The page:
What our foundation does is provide capital improvement grants for small, family-owned farms in the Midwest. The reason we do that is because most of these small farms do not make enough money to buy the kind of equipment they need to become more profitable. Our foundation exists solely to help them. We want to help them buy watering systems, new tractors, greenhouses—something that will help make their businesses more profitable. Most of these businesses will clear about $35,000 to $40,000 in a year, if they’re good. It is just not enough to take a quarter of the revenue and invest it in a new tractor, but that’s what they need if they’re going to take their farm to a bigger or more profitable level.

What facets of Xoco are green and what motivated you to gain LEED certification?

We work in a very sustainable way here, but there’s something about LEED certification that people recognize. I wanted to show people you could do a restaurant that is quick-service, and didn’t cost a fortune to build out and still do it in an environmentally sustainable way. We worked with an architectural firm that focused on sustainability to put this whole project together.If you go for LEED certification, there are tons of things you have to do in terms of the basic build-out. We got most of our points for purchasing almost all of our building materials manufactured within a 500-mile radius [of Chicago]. We worked a lot on alternative lighting in the place so everything wasn’t just incandescent bulbs. We also worked hard on the exhaust system, the biggest energy hog in a restaurant because it sucks out all the air-conditioned and heated air. We worked to find a manufacturer— I think there’s only one manufacturer of an eco-friendly exhaust hood—and we found that one after a long search. It really worked, although, the city of Chicago didn’t want it because it doesn’t fit their rules. We had to convince them and that took a lot of time because most of the building codes are not made for environmentally friendly equipment.

With the knowledge that you’ve gained, what advice would you give to other chefs who may not be embracing sustainability?

Well, it’s easier than you’d think most of the time. A lot of people will say, ‘Oh, I can’t buy organic stuff because it costs more.’ Well, what you learn is to think about ways you can utilize some organic things in the midst of other things. You take it in steps. Then, the next thing you know, you figure out ways to work it into other places as well or you’re going to figure out ways to utilize more of a particular product and have less waste. It’s very interesting: If you just put your mind to it, you’ll figure it out. I always suggest everybody take it one step at a time. Don’t try to go green all at once or to go organic or to go local, just take it a step at a time. When you get something that feels right and it finds a home in your place, then start thinking about the next thing you can do. We certainly didn’t do it all at once. Sometimes we look back and laugh. Our world is so complex right now. If we looked at it and thought we were going to do it, we would have all said absolutely no we can’t do that, it’s just too much. But, we did it one step at a time and here, 20 years later, we look back on it and say, ‘Wow, we did it.’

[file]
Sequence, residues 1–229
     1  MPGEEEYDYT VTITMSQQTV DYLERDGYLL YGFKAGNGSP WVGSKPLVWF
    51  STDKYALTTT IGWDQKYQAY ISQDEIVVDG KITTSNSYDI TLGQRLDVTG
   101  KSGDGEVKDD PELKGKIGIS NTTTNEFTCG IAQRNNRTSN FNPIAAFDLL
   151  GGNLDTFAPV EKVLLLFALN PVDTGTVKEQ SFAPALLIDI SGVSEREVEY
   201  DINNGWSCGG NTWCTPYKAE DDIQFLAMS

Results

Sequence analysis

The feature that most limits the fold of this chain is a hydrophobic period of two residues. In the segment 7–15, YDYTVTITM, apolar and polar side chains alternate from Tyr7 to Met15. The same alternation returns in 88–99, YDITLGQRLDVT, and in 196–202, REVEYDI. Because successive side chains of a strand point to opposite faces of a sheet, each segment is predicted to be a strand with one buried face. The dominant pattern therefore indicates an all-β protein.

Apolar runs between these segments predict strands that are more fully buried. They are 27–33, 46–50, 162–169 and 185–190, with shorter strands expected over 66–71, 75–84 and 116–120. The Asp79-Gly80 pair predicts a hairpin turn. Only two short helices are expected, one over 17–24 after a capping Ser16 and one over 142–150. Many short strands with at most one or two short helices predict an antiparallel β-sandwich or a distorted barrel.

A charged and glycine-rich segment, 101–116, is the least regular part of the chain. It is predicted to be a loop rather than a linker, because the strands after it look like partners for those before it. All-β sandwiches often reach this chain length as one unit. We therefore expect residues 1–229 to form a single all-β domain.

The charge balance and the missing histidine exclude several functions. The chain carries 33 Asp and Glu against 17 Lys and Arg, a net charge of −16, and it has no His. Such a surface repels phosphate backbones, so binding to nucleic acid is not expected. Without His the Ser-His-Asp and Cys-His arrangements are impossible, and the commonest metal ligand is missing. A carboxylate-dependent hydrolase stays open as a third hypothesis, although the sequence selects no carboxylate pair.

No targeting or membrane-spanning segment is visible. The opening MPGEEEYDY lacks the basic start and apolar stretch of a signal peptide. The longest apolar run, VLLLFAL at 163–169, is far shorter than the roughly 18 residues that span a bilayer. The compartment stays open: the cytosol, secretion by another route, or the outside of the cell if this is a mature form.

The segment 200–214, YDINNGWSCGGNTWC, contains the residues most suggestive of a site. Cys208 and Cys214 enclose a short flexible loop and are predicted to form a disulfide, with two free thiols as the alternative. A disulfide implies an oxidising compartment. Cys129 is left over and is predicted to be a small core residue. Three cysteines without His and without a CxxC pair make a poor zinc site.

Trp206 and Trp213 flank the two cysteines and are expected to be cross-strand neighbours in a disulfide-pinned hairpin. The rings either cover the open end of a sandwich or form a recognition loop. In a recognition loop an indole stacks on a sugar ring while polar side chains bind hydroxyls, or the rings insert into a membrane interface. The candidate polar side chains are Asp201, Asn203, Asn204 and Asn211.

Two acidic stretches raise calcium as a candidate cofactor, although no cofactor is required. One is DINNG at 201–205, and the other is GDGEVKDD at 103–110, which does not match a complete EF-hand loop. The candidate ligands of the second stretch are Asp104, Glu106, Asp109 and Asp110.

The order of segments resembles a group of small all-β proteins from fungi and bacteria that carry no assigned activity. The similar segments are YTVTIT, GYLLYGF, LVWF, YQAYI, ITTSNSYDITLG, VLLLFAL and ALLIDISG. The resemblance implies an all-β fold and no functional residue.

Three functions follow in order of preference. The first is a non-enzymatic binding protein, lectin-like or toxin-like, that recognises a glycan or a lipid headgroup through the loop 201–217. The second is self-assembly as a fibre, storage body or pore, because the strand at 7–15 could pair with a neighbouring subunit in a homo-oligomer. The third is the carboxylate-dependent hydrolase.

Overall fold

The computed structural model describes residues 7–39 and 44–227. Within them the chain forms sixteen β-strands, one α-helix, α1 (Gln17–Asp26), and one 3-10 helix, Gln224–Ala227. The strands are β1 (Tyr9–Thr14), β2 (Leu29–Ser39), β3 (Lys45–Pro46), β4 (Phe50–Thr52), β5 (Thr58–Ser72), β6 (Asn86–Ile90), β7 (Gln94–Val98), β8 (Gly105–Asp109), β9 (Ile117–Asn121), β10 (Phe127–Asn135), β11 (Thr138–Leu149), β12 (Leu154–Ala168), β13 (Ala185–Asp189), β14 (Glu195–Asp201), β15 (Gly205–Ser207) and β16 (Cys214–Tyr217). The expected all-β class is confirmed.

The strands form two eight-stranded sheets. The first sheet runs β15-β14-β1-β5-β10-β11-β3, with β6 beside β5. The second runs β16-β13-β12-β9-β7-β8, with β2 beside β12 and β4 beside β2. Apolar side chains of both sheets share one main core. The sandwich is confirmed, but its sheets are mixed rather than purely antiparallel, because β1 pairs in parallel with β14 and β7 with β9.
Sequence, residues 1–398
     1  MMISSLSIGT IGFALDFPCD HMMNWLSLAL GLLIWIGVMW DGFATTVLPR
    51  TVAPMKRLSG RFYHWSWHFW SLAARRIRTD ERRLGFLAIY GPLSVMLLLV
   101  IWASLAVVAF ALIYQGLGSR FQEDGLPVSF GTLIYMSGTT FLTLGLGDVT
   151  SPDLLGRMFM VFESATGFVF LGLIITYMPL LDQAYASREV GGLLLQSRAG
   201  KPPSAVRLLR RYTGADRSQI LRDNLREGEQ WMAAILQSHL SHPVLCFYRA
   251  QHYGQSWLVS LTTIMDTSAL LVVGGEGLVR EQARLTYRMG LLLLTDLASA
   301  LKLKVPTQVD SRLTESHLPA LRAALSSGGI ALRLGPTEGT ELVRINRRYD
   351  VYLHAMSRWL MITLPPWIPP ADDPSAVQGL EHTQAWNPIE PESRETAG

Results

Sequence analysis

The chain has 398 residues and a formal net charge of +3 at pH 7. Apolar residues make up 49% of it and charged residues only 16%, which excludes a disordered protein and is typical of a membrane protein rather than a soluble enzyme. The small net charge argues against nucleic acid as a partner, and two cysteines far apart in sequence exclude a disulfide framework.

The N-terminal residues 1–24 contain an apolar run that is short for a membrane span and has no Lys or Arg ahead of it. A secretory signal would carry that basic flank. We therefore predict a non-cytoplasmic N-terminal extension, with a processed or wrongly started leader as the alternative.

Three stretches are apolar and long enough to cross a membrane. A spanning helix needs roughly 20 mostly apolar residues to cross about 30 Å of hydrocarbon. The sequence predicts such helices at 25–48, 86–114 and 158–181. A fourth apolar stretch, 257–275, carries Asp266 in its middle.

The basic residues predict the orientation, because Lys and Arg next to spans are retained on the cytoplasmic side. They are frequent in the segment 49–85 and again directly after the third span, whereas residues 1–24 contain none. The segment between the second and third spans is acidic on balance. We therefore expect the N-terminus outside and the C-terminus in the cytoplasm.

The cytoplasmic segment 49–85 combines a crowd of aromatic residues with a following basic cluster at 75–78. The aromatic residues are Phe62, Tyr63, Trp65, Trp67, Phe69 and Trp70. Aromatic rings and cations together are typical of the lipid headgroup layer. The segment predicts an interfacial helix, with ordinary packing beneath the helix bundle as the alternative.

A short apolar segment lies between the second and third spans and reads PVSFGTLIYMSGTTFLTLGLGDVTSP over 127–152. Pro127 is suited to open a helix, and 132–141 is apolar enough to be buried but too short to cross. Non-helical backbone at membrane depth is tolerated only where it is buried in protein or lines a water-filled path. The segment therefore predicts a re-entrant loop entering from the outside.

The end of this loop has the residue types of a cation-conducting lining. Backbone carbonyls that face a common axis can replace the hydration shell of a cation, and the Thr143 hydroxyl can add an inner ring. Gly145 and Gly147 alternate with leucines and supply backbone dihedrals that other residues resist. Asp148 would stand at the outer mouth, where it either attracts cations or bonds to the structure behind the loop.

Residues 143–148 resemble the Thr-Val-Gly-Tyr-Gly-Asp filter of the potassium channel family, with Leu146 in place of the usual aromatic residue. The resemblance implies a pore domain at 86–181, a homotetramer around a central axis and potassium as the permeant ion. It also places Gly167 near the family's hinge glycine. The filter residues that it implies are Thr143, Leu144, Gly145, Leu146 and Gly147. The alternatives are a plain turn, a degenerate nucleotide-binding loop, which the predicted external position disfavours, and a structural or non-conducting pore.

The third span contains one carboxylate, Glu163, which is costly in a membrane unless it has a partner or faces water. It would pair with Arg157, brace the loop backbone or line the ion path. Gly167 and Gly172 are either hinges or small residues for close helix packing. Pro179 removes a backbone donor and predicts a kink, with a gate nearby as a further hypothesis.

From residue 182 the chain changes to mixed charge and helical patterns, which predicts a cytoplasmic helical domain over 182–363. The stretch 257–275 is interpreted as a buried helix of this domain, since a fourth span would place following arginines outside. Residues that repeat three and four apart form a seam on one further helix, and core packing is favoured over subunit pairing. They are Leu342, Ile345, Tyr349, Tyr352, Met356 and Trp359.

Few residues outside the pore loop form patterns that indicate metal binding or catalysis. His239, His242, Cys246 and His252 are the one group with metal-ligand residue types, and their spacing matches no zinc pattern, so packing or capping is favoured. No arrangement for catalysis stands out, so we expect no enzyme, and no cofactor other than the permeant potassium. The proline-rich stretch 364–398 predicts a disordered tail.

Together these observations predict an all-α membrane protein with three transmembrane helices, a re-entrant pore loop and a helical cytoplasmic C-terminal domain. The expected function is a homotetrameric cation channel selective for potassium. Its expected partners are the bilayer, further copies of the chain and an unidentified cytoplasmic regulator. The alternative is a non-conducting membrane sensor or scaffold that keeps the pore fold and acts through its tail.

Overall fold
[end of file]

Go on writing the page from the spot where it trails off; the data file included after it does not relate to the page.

You’re an avid Tweeter. What’s the experience been like connecting with others?

I like it a lot because it’s a short format. If you tell me I had to blog and endlessly answer questions, I’d never have time to do it. My office is above the restaurant, but often times I have to take an elevator down to the basement, I’ll answer a couple of tweets while I’m waiting for the elevator. I’ll just pull my phone out. I do it all on my phone, I don’t do it anywhere else. It gives me the opportunity to listen to people, to stay in touch with people. I didn’t even realize I was going to have this relationship with all these people that are following me. Mostly I did it because I like being able to look around me and just see what’s beautiful, capture it in a photograph and post it for other people to share the beauty that’s around me. I just posted a few minutes ago this great big pile of roasted poblano peppers cut into strips. It’s probably a gallon and a half of these, and they’re wood-roasted and have the most amazing aroma. Oh my God. You know the expression ‘stop and smell the roses?’ That’s what Tweeting is for me. It’s my opportunity to stop and look around me, and ask what is just remarkably beautiful here? And when you see the pile of those roasted peppers, you might just walk on by it if your mind is on the next thing you’re doing. I try to stay aware enough to see that beauty that is right around me.

Bayless’ newest book entitled Fiesta at Rick’s, a casual, party cookbook, hits shelves in May. Follow Bayless on Twitter: @Rick_Bayless. Catch Bayless at this year’s Expo for a cooking demo on Saturday, March 13 at 10:30am.

Mindful Metropolis, March 2010